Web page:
Not only did I miss my life, but I felt that, once over, it was due to me, round and elongated, just like an egg, to suggest infinity: something to hold inside my hands, all for me.
This is why I decided to dive.
I was stubborn in life, and I didn’t become better once dead. I thought I might be able to catch it, or to find it grasping on the bottom, waiting for me. The fact that I failed to capture my existence when living didn’t discourage me only because I was dead. I had purpose, a plan: I thought that was what differentiated me from all those whose faces I saw mirrored inside the well. Settled on the surface of things, they kept whispering old stories, as if words still mattered. Their image captured inside the viscosity of water sated them, and drinking, they forgot.
Others tried: I saw their bones, supple like ribbons, float upwards, towards the light. But I thought I was better, that I, alone, could make it. I wonder if that’s why you were laughing when I dived past you, my flesh coming off in shreds, my toothless smile, because I already thought, 10 meters in, that I had won.
-They say there’s a basilisk down there- you told me, holding me still for a second with your voice, within the breakneck flow of time.
I must have sounded arrogant when I told you I didn’t care. I though myths were for the living. Something that shepherded them blindly through habits, procedures, and I had already freed myself from stories, from images, from the directionality of time. I was after reality, I told you, abstracted from everything else. But no matter how stupid I sounded, you held my hand and told me, come with me.
Death was a party, and a hollow. There were dark corridors and rooms, then cavities filled with water, where rhythm slowed down. Space was closing in around us, in an embrace made of strange faces, memories, monsters, shadows. Dancing, or diving, I became lighter and lighter.
I don’t know what you looked like then: you kept changing, meter after meter, like it was time and not space that we were travelling through, and as if time itself was something fickle, something that was turning and tangling up without a plan, just after its yearnings, on a whim.
Sometimes you reminded me of an animal, a bird, sometimes of a flower, an obsolete device, a sentence I once heard. At times you reminded me of a coin tossed into a well to challenge fate. Sometimes you reminded me of myself. Sometimes I got scared of you. I blinked, and where your locks had been I could see horns, then I blinked again and there where wings, chimneys, antennas, rays of light, then nothing. My fingers went through your face like it was made of water. Only your eyes remained still, and they were holes through which I could see out, removing myself from the landscape.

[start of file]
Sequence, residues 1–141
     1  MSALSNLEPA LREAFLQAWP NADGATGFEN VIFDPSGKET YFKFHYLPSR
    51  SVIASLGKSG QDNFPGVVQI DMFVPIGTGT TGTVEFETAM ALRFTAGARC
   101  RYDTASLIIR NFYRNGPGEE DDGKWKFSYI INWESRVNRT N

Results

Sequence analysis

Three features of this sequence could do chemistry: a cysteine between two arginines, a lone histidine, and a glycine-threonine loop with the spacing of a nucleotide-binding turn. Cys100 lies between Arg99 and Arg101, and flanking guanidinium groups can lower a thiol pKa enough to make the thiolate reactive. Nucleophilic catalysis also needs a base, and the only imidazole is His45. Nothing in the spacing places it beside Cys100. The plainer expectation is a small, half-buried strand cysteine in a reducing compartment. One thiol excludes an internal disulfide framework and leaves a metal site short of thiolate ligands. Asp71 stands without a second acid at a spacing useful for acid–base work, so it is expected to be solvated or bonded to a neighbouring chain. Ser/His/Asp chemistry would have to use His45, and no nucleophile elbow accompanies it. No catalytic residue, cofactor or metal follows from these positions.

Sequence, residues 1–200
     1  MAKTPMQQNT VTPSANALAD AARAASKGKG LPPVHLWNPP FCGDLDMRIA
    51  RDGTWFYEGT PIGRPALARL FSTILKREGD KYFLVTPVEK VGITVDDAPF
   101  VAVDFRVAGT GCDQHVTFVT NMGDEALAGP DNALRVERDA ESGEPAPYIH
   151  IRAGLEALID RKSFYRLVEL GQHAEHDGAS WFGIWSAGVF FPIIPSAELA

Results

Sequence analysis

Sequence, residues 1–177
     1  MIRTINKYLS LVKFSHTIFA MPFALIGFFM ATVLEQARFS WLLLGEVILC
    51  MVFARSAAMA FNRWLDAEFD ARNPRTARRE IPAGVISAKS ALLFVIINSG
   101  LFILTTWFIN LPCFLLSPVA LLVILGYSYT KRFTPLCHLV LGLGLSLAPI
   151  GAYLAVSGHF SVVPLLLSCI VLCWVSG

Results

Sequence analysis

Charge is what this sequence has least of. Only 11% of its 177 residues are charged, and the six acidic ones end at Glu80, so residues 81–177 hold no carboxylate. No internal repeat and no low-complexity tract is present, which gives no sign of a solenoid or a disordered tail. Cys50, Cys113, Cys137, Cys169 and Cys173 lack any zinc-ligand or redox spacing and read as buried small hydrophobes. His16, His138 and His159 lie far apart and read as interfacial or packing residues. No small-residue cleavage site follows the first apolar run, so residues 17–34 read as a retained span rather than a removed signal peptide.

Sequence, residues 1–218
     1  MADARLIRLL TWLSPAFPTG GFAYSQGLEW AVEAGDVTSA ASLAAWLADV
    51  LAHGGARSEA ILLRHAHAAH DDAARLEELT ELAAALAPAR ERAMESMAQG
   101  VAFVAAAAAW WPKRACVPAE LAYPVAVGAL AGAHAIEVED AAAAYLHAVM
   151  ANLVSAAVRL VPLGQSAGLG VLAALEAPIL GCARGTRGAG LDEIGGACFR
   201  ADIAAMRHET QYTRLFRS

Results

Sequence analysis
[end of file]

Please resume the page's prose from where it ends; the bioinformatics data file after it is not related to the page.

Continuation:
I must have forgotten what I was looking for. What was I looking for, indeed? Everything was all around me, all at once. If I wanted something, I only had to grasp for it. But, fearing of getting lost, I held onto you. Your hand felt smooth and lukewarm, like an egg, inside of mine.
At some point you told me: we are here. This is the end, the bottom. Where I am from. And I believed you, what else could I have done? I could almost imagine the ground under my feet, and the images that were spinning around us in our descent had solidified: decrepit buildings looked sternly at us, with their gaze long centuries.
I am going to kill him! I said, mimicking rage, even if what I felt was peace, wonder. You looked at me as if you were still falling, even if I could see you standing steady close to me. I am going to kill him! I repeated, yelling, and this time I sensed it: the rage, the fear. Because it all felt new, and still familiar, and I thought you tricked me. It wasn’t the end and there was no monster: of this, I was sure.
It was me then time who dragged you around, through the city made of tombstones you called home. Where is it? Where is it? I yelled, unsure if I meant the monster, or my own existence. I was forgetting my life the way I lived it, my family, my interests, my job, but at times I was taken by the feeling of being still alive. In those moments, I squeezed your hand harder. I could almost feel my nail going through your skin.
And then, all of a sudden, I was empty handed. The city we were buried in had crumbled, castles, fountains, churches reduced to a dust so fine I couldn’t stop myself from inhaling it, even if I long since spent my last breath.
What I believed was the bottom had given out under our feet and death kept going, released from time and space, like the kind of parties you end up joining, hoping they will go by quickly, and then they never end.
Where you used to be in your mercurial, changeling forms, there was now only a purplish darkness. There was no sound, no music, only the pulsing of your blood, enveloping us as if we swam in it, but dramatically slowing down.
If there had been a basilisk, it was already gone, and there was only me, confused and lonely, continuously falling right where the monster was supposed to be.
Isn’t it grotesque, I heard your voice saying all around, how one thing reminds us right away of another thing, and reality, while we are after it, we reduce it to a nothing, a thin, flimsy film we feel compelled to scratch away!
You abandon it, and still, you ask where…
Where? I said, impatient to know.
Somewhere, the sound of something breaking, or maybe a laugh, then silence.
Where are you? I say.
I stretch my hands and I have the impression of touching things that must be known, not by me, maybe known by others.
A beak, a spoon, a handle, a silver keepsake or maybe an insect that, as the air moves, flies away.
As any lover, in trying to make sense of emptiness I get lost.
But the more I search, the more you are not there.
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